Military experts believe these units are the only ones capable of surviving modern hybrid warfare.
“By the middle of a modern combat, only the Armata tank and BMP T-15 will be left 'alive',” Vyacheslav Khalitov, Deputy Director General of the manufacturing company Uralvagonzavod, told the Russian daily newspaper Nezavisimaya Gazeta.
“We are transitioning to a new ideology of warfighting. Hybrid conflicts are the most wide-spread type of warfare nowadays,” Khalitov said earlier in June.
“This modern warfare necessitates a rapid response. It is safe to say that Armata-class tanks, along with the T-15 and other state-of-the-art armored vehicles, will become a core of the Advanced Combat System, which will quickly and efficiently resolve any military task,” he added.
The new T-15 heavy infantry fighting vehicle, along with the Armata T-14 tank, were unveiled during the V-Day military parade in Moscow.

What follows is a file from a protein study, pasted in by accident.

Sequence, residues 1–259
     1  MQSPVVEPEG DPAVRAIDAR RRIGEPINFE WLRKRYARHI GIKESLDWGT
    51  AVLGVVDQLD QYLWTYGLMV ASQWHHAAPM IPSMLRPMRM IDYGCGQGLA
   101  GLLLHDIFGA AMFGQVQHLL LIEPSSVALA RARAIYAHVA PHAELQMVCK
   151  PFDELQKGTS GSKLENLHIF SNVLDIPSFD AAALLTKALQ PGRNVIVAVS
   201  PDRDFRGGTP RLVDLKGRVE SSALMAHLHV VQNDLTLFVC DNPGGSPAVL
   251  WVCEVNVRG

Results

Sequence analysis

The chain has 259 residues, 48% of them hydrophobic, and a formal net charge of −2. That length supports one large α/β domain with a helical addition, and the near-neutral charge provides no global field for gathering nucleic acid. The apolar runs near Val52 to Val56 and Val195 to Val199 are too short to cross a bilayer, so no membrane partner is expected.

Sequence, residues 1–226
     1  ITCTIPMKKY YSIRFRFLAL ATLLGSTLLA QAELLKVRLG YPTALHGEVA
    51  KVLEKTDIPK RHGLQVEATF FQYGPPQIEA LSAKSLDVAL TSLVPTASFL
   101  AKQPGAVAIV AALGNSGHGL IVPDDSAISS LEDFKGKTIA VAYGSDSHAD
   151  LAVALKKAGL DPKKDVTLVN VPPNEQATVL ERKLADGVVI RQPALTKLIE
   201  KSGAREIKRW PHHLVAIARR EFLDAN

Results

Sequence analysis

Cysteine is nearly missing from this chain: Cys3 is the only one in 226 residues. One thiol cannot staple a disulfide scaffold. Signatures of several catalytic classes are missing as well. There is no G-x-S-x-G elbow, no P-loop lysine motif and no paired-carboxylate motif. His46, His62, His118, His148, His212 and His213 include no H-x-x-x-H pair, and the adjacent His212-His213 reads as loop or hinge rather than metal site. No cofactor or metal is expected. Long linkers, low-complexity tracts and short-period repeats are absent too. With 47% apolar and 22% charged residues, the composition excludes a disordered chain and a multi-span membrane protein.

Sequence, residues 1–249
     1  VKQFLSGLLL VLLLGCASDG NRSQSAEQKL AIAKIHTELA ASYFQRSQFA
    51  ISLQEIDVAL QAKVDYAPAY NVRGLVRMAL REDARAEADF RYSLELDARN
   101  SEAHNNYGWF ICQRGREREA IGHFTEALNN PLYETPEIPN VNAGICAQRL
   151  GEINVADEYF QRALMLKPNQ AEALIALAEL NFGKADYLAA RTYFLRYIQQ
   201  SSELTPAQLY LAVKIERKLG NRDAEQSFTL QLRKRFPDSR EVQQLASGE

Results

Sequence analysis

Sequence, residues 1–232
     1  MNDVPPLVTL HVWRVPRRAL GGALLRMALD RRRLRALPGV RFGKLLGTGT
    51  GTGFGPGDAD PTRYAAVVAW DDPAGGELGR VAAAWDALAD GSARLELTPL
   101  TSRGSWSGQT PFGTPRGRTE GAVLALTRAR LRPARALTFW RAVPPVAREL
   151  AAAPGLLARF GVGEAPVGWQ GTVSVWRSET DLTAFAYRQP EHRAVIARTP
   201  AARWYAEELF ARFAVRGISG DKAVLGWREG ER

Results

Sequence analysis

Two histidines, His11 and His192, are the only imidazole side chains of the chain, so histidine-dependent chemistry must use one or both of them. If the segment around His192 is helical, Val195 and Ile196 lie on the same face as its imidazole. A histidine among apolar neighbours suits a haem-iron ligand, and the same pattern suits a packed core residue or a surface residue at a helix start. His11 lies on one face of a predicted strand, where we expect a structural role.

Both units are based on the "Armata" Universal Combat Platform.
The Armata platform is used in the T-14, the T-15, a combat engineering vehicle, an armored recovery vehicle, a heavy armored personnel carrier, a tank support combat vehicle and several types of self-propelled artillery, including the 2S35 Koalitsiya-SV, which uses the same codename and is based on the same chassis. Russia's military also intends that it serve as the basis for its artillery, air defense, and NBC defense systems.
Hardware to be based on the Armata platform includes:
The Armata T-14 main battle tank, T-15 heavy infantry combat vehicle, BM-2 (TOS-2) short range rocket artillery (similar to the TOS-1 Buratino flamethrower unit), BREM-T T-16 recovery vehicle and 2S35 Koalitsiya-SV self-propelled gun. However, the 2S35's which were put on display during the 2015 Moscow Victory Day Parade and its rehearsals were not actually built on the Armata platform but rather on a six-wheeled platform that appears to be a T-90-derived chassis.